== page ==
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Sexual Healing 

Helen Hunt is a sympathetic sex surrogate in The Sessions

There are movies you enjoy, and there are those that make you squirm. Compliance, for example, which played here in September, was a squirmer, a maddening drama based on the true story of a fast-food manager who strip-searches an employee at the behest of a prank caller posing as a cop.

The Sessions, written and directed by Ben Lewin, is also a squirmer, but for different reasons. Based on a magazine article by Mark O'Brien, a polio victim in an iron lung who wrote about his experiences losing his virginity to a sex surrogate, the film spares the audience almost no uncomfortable part of his quest. In so doing, it challenges us to look at and think about something most would rather not consider—the sexual lives of the disabled. The film is unusually frank, with considerable full-frontal nudity (female), and lots of talk about penises, vaginas, nipples, and orgasms. And it performs the deft feat of juxtaposing this with a theme of devout Catholicism.

John Hawkes plays Mark, a childhood polio survivor who spends all but a few of his hours in an iron lung. His condition hasn't prevented him from graduating from college and having a successful career as a poet and journalist, but it does make him dependent on a series of attendants. He likes some of them, detests others, and falls in love with one, a pretty student named Amanda (Annika Marks). His unrequited crush, and an article he's assigned to write about sex and the disabled, inspire Mark to seek the help of a sex surrogate, but not before asking for the blessing of his new parish priest (a weirdly long-haired William H. Macy), who uncomfortably assents.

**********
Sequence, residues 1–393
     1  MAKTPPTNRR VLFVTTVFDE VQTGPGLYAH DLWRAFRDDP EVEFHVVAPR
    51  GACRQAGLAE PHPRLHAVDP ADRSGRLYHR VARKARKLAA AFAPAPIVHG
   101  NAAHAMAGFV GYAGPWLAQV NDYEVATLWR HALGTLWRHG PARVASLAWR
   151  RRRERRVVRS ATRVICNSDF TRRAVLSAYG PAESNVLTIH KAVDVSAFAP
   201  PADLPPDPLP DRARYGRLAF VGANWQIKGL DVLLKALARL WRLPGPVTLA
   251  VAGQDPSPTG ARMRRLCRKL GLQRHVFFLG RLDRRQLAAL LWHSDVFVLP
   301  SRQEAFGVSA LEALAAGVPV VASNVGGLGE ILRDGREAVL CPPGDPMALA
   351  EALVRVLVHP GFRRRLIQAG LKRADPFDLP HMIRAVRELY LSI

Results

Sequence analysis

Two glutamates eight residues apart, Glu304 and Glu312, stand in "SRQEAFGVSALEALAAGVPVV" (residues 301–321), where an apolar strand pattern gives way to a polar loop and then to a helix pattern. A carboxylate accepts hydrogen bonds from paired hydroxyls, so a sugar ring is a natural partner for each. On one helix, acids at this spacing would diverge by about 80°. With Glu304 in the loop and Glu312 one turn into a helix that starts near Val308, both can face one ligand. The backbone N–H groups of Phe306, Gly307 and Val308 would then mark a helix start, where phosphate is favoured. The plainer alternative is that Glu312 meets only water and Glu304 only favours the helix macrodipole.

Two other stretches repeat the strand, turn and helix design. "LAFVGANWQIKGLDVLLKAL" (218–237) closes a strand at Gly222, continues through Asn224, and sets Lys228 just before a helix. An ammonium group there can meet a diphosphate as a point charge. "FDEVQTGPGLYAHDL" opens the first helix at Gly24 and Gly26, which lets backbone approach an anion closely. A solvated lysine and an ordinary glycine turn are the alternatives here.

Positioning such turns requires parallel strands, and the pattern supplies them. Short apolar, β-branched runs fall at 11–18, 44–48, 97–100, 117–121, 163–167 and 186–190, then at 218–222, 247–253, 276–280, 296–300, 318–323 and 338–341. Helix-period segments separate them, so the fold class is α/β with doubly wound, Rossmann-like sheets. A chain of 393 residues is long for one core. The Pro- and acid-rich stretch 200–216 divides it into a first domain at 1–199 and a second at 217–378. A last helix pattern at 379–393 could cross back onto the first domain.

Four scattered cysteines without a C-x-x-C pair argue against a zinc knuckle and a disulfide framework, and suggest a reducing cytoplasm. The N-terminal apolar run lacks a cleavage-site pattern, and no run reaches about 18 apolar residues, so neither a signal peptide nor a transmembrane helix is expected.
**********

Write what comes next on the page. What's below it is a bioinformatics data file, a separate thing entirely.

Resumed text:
A certain amount of humor is wrung from the odd spectacle of Mark, horizontal on his gurney at the church, discussing orgasms with the priest while parishioners worship silently in the pews. "I'm getting close to my 'use by' date," complains Mark, who at 38 is still a virgin.

Mark's surrogate is Cheryl (a sharply angular Helen Hunt, with a broad Northeatern accent), a sympathetic but businesslike therapist who keeps her private life (a husband and teenage son) off limits for discussion. The film offers an interesting portrait of the kind of person who works in this unorthodox profession. Cheryl is a "free spirit" who has never been shy about nudity and sex, but is also immensely compassionate—her husband, before a bout of jealousy seizes him, calls her "a saint." Cheryl's view of Mark is kindly but clinical; she helps him develop "body awareness" and gradually moves him into expressing himself sexually. Her first task is to help him overcome emotional blocks stemming from guilt over the death of his little sister and a particularly retributive view of religion.

Over a series of trysts—er, sessions–— Mark grows more adept and, not surprisingly, attached to Cheryl, writing her a love poem and asking her to meet him for coffee. Cheryl, in turn, is emotionally drawn to her client, who, though perpetually horizontal, has a self-deprecating sense of humor that ladies, except for his pragmatic Asian-American attendant (Moon Bloodgood), seem to find irresistible.

To say The Sessions isn't for everyone is an understatement. It's probably not for most people. But the performances are first-rate, and the subject matter humanely and realistically handled. Just because something is difficult to watch —with the exception of egregious violence—doesn't mean it's not worth watching.

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